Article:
Pinworm is an intestinal infection caused by tiny parasitic worms. One of the most common roundworm infections, pinworm infections affect millions of people each year, particularly schoolkids.
But if your child develops a pinworm infection, don't worry. Pinworms don't cause any harm (just itching), and it won't take long to get rid of them. And people who have pinworms aren't dirty — kids can get pinworms no matter how often they take a bath.
How Pinworm Infections Spread
Pinworm infections (also known as "seatworm infection," "threadworm infection," "enterobiasis," or "oxyuriasis") are contagious.
People become infected by unknowingly ingesting microscopic pinworm eggs that can be found on contaminated hands and surfaces, such as:
- bed linens
- clothing (especially underwear and pajamas)
- bathroom fixtures
- drinking glasses
- eating utensils
- kitchen counters
- desks or lunch tables at school
The eggs pass into the digestive system and hatch in the small intestine. From the small intestine, pinworm larvae continue their journey to the large intestine, where they live as parasites — their heads attached to the inside wall of the bowel.
About 1 to 2 months after a person acquires the pinworm eggs, adult female pinworms begin migrating from the large intestine to the area around the rectum. There, they will lay new pinworm eggs, which trigger itching around the rectum.
When someone scratches the itchy area, microscopic pinworm eggs are transferred to their fingers. Contaminated fingers can then carry pinworm eggs to the mouth, where they are reingested, or to various surfaces, where they can live for 2 to 3 weeks.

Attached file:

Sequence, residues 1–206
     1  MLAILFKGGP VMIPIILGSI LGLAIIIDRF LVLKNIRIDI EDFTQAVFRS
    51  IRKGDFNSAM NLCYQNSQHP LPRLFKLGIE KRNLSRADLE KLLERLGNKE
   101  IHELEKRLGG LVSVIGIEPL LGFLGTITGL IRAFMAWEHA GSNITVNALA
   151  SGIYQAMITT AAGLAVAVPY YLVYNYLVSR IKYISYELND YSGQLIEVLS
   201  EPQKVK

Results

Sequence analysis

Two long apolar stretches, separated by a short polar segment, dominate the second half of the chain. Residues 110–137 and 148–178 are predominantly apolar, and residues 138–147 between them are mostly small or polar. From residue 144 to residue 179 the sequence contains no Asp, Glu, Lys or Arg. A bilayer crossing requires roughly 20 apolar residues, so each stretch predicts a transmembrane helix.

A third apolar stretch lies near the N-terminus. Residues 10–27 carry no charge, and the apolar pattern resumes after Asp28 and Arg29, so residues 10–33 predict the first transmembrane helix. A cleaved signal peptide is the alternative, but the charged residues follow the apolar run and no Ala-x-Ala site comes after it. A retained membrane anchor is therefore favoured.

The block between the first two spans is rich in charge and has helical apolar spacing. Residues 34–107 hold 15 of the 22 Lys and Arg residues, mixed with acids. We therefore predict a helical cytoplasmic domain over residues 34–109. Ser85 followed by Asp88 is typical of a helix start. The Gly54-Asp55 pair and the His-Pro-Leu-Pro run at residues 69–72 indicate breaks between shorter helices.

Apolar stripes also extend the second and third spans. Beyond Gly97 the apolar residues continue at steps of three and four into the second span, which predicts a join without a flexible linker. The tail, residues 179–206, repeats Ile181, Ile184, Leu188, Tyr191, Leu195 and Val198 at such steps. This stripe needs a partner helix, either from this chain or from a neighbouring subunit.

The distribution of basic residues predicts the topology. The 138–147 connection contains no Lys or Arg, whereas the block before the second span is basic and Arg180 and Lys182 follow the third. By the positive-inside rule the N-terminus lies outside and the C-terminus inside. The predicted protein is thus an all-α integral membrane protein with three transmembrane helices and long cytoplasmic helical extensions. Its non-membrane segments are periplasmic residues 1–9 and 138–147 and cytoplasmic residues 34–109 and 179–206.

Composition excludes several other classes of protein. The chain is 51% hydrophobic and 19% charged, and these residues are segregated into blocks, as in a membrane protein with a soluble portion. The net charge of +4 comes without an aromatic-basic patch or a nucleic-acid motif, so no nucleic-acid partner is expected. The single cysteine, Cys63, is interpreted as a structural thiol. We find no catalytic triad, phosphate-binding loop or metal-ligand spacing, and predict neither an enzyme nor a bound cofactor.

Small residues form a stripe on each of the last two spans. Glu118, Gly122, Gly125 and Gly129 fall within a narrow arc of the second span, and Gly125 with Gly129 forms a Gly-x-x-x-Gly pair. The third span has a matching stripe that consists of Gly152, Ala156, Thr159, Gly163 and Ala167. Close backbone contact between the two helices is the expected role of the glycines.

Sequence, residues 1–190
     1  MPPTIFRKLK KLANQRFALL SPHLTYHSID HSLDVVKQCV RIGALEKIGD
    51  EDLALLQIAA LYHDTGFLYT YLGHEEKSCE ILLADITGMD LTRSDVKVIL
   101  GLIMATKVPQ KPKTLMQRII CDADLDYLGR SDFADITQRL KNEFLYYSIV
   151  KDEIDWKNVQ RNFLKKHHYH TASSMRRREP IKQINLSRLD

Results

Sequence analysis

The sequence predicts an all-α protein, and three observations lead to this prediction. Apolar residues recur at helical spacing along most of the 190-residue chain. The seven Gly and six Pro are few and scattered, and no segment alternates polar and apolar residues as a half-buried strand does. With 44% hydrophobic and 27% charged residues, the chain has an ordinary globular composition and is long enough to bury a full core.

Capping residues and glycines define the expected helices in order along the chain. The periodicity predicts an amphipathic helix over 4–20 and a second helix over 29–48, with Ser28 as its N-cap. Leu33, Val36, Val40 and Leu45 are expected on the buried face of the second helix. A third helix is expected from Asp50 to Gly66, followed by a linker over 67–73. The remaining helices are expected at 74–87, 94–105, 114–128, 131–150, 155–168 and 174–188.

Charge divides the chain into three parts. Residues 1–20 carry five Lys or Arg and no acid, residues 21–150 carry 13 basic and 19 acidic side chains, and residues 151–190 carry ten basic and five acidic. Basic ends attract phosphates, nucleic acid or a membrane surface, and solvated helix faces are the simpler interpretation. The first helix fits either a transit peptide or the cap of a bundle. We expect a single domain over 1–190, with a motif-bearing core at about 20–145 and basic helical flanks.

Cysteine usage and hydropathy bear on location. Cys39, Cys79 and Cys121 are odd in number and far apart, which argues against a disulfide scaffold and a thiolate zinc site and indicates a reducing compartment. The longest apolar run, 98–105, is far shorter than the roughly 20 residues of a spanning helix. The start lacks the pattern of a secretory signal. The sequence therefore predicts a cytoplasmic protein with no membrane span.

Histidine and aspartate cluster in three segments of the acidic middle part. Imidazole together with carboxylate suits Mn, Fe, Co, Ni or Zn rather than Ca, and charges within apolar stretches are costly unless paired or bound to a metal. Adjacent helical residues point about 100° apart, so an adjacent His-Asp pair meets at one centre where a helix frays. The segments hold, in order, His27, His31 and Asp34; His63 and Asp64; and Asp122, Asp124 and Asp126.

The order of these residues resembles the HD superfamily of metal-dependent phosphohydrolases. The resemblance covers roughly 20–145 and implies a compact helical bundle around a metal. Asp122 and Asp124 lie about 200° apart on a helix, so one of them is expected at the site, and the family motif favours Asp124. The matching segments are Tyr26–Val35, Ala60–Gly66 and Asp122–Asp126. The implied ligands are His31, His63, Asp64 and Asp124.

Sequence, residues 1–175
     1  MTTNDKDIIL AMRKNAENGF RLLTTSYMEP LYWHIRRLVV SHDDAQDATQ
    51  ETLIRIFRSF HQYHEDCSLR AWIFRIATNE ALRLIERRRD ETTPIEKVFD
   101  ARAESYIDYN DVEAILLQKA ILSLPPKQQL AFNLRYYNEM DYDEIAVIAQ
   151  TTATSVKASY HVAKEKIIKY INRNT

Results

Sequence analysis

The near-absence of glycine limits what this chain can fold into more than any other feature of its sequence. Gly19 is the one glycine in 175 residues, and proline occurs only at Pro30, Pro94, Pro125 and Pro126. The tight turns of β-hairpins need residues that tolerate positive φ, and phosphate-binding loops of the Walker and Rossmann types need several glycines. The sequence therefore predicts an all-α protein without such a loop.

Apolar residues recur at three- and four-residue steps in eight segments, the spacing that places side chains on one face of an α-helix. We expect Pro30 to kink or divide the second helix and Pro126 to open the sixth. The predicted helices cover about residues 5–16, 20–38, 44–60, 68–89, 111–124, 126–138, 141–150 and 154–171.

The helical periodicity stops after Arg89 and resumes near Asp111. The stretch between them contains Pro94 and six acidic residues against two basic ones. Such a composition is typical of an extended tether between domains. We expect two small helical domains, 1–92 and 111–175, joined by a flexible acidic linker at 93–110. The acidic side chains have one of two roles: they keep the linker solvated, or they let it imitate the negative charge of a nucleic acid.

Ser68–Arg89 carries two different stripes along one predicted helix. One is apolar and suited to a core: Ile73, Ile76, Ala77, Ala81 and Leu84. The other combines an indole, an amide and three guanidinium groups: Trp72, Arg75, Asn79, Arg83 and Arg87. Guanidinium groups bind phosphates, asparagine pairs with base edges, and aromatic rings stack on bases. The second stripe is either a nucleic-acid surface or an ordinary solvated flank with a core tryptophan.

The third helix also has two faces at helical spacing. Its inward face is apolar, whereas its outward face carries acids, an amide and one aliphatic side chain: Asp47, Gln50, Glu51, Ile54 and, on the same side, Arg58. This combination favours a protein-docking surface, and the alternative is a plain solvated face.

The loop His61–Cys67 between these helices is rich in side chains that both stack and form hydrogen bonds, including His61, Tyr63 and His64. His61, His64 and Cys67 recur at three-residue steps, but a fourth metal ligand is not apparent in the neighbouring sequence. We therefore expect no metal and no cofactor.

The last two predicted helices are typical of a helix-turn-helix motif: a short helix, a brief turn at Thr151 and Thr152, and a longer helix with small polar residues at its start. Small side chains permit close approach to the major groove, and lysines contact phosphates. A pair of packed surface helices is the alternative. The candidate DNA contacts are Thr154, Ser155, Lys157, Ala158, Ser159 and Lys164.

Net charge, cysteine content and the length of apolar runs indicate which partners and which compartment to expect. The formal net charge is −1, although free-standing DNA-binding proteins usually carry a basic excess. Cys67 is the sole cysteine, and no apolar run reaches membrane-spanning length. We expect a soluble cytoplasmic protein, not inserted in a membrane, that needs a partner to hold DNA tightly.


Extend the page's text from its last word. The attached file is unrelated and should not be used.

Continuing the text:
If you're wondering if your family pet could give your child a pinworm infection, it can't. Pinworms don't come from animals.
Signs and Symptoms
Often, someone can have a pinworm infection without having any symptoms. When symptoms are present, the most common one is itching around the rectum and restless sleep. The itching is usually worse at night and is caused by worms migrating to the area around the rectum to lay their eggs. In girls, pinworm infection can spread to the vagina and cause a vaginal discharge. If the itching leads to broken skin, it can also become a secondary bacterial skin infection.
If your child has a pinworm infection, you can see worms in the anal region, especially if you look about 2 or 3 hours after your child has fallen asleep. You might also see the worms in the toilet after he or she goes to the bathroom. They look like tiny pieces of white thread and are really small — about as long as a staple. You might also see them on your child's underwear in the morning.
Abdominal pain and nausea are less common symptoms but can occur if there is a high population of pinworms in the intestines.
Note: All information is for educational purposes only. For specific medical advice, diagnoses, and treatment, consult your doctor.
© 1995-2009 The Nemours Foundation. All rights reserved.
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